Scholars argue for legal mandates requiring regulations to do more good than harm.
Should regulations benefit society more than they hurt it? This question would seem to have an easy answer—yes, of course, regulation should deliver more good than harm. But regulators are not always required to answer that question in the course of their work.
In a recent book, Achieving Regulatory Excellence, two former White House regulatory officials argue that excellent regulators need to do better analysis to ensure that each regulation they develop helps society more than it hurts it.
Reflecting on their experiences working in the Office of Information and Regulatory Affairs (OIRA) in the Office of Management and Budget (OMB) during the Bush Administration, former OIRA Administrator John D. Graham and his former Counselor, Paul R. Noe, urge legislators to require regulators to adopt an outcome-oriented approach to regulatory excellence.
Graham and Noe argue that too many scholars and regulators focus on how regulations are made instead of on the outcomes they ultimately achieve. Although Graham and Noe agree that how regulations are made is undoubtedly important, they insist that what counts the most are regulations’ ultimate “effects on citizens, businesses, and other organizations, and the social, economic, and natural environment.”
Because of the paramount importance of the actual outcomes of regulation, Graham and Noe recommend that lawmakers put in place what they call “legally enforceable administrative substance requirements.” The requirements, they argue, would force regulators to “ensure that regulations do more good than harm.”
An administrative substance requirement would demand that regulators use regulatory impact analysis to compare the estimated benefits of regulations to their estimated costs. If the analysis shows that a regulation’s expected benefits do not exceed its expected costs, regulators should abandon the regulation.
Expecting regulators to improve society more than they hurt it may appear commonsensical. But Graham and Noe express concern that few laws in the United States and in other countries require regulators to ensure that the substance of regulations achieve net beneficial outcomes. Although recent U.S. Presidents have issued executive orders calling for administrative agencies to “justify” the costs of their proposed regulations with the benefits, these executive orders are not binding to the same extent as would be congressionally-enacted laws.
Graham and Noe worry that without legal mandates regulators may, for political reasons, sometimes reject regulations with benefits that outweigh their costs.
As an example, they point to the U.S. Environmental Protection Agency’s (EPA) 2005 Clean Air Interstate Rule, which sought to reduce harmful sulfur dioxide and nitrogen oxides emissions from coal-fired power plants. Graham and Noe explain that EPA estimated that the rule would save numerous lives each year and provide society with 30 times as many benefits as costs. Despite the compelling results of EPA’s benefit-cost analysis, President George Bush’s White House apparently refused to enact the rule. The White House resisted the rule at least in part because of the rule’s expected adverse impacts on West Virginia, a state whose economy relies primarily on the coal industry. Graham and Noe suggest that President Bush’s desire to win West Virginia’s electoral votes in his 2004 reelection bid encouraged his Administration to suppress the rule.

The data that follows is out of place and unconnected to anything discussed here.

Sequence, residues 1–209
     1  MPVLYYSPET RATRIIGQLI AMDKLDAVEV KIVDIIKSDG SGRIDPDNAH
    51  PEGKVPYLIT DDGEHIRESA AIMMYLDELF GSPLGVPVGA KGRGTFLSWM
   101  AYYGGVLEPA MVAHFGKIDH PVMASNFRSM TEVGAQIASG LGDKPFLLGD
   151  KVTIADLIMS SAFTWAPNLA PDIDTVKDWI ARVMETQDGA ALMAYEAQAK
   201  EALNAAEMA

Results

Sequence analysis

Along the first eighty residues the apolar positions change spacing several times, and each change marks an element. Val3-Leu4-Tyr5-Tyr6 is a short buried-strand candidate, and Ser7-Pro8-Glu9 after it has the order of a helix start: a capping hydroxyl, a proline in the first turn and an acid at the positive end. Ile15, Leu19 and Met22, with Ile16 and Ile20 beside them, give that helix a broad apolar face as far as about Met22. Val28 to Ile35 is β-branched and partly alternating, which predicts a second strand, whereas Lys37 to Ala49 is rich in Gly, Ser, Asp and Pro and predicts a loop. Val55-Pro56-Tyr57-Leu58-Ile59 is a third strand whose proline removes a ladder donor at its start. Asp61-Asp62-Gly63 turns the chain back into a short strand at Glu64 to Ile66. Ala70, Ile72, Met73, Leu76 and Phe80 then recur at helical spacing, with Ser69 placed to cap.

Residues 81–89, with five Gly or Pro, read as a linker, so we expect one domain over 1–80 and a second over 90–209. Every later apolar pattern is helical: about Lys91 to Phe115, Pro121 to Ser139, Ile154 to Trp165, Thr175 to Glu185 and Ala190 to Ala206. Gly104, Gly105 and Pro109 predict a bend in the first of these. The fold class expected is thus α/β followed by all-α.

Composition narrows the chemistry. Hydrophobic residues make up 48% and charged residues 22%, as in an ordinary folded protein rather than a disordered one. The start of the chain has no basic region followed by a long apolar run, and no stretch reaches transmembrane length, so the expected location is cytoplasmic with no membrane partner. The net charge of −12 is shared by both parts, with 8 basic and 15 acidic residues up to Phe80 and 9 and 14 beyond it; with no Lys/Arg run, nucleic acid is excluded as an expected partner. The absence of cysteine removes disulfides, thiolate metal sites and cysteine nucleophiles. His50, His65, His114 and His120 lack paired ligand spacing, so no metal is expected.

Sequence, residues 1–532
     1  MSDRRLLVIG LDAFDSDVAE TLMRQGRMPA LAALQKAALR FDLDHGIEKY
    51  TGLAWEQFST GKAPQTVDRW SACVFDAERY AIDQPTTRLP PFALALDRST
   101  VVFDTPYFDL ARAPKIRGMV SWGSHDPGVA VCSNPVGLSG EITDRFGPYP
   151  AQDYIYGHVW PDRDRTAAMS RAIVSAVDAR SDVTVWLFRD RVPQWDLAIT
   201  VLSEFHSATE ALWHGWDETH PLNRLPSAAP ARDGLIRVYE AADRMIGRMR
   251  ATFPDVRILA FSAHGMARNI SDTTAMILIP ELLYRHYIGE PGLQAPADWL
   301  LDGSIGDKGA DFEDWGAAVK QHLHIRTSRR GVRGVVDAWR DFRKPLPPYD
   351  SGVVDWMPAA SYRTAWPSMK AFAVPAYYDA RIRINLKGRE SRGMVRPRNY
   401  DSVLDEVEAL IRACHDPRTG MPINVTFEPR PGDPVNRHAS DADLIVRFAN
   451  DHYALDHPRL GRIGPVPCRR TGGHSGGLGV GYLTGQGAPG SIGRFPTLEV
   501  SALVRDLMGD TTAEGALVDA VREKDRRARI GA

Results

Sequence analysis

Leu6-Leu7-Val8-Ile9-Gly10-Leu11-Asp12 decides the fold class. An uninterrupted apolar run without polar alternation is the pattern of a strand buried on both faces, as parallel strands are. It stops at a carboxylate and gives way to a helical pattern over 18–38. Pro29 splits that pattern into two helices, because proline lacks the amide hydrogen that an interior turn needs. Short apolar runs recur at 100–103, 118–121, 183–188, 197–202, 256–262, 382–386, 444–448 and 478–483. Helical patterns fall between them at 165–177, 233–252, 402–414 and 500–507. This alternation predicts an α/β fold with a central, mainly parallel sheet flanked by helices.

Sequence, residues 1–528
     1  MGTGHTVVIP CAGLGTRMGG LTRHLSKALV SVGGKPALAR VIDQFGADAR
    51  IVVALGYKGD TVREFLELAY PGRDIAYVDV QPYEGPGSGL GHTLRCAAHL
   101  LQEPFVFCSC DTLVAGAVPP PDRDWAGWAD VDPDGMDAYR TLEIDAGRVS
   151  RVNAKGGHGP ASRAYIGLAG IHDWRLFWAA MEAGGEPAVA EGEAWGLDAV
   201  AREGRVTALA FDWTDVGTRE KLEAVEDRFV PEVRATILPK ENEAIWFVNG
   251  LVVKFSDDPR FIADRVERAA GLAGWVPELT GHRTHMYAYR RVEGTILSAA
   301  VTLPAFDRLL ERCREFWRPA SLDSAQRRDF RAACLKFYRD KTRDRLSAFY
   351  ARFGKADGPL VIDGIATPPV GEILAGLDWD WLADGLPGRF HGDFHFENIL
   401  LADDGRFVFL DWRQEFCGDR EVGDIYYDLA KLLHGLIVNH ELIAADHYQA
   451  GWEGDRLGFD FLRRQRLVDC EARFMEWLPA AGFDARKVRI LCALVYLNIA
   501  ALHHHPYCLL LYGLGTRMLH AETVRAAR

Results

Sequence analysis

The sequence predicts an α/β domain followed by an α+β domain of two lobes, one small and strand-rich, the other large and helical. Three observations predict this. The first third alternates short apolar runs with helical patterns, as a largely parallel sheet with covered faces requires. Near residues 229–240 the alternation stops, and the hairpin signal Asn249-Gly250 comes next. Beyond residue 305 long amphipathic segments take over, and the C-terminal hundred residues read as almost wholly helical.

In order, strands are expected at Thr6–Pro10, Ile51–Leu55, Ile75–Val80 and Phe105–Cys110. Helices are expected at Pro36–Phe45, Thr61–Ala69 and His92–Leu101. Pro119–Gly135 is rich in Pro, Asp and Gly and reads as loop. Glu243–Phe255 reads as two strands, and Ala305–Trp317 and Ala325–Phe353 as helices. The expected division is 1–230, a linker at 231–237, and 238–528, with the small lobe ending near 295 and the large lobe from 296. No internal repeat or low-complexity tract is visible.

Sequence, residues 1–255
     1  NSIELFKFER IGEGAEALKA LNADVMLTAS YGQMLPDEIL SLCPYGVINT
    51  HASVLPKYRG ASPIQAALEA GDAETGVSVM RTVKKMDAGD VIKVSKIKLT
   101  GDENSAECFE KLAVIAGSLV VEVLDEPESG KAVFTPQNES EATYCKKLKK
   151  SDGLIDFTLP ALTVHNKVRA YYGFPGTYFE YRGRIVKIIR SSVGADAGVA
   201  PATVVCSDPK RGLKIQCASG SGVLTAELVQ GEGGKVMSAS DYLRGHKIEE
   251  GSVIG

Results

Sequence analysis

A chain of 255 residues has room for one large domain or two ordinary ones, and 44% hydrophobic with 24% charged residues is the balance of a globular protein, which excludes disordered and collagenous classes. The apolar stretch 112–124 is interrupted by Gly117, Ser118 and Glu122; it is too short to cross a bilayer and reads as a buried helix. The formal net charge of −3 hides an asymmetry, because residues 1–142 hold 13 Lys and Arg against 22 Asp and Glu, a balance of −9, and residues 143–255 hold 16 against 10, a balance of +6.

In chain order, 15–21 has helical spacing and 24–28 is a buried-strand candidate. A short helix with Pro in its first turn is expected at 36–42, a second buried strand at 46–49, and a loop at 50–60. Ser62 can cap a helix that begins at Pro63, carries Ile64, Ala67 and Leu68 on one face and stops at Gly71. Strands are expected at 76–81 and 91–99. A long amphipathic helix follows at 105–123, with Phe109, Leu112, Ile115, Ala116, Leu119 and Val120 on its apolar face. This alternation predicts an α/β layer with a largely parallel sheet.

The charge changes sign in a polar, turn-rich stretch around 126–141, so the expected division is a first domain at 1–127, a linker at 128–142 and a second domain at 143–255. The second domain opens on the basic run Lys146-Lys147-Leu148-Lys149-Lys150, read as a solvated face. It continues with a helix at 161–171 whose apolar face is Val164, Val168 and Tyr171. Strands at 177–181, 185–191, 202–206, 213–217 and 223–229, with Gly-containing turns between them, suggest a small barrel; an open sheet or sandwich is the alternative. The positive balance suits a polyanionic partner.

Graham and Noe likewise note that regulators might sometimes pursue regulations with costs that exceed their benefits. For instance, they point to President Barack Obama’s purported 2008 election pledge to support electric vehicle development in an appeal to West Coast interest groups. In delivering on his campaign promise once in office, President Obama ensured that his EPA and U.S. Department of Energy required a less cost-effective pollution control technology in cars than was otherwise available and granted waivers to ten states that exempted them from Clean Air Act requirements, Graham and Noe write. They argue that this regulatory decision cost consumers and stockholders billions of dollars and provided a much lower value of expected benefits than value of expected costs.
For Graham and Noe, examples like these demonstrate the need for a legally enforceable statute that requires regulators to do more good than harm.
They favor inserting regulatory impact analysis requirements in new laws that authorize agencies to create regulations. They specifically urge lawmakers to impose “substance” requirements that direct agencies to prioritize societal well-being over other interests. Any such substance mandate should also empower courts to strike down laws that “do more harm than good,” argue Graham and Noe.
By urging legislation that would force agencies to put society first, Graham and Noe advocate an approach to making regulation that they claim will lead regulators on a path toward excellence in a world dominated by competing interests.
Graham and Noe present their argument in a chapter in the recent book, Achieving Regulatory Excellence, edited by University of Pennsylvania Law School Professor Cary Coglianese, who serves as the director of the Penn Program on Regulation.
This essay is part of a ten-part series, entitled In Pursuit of Regulatory Excellence.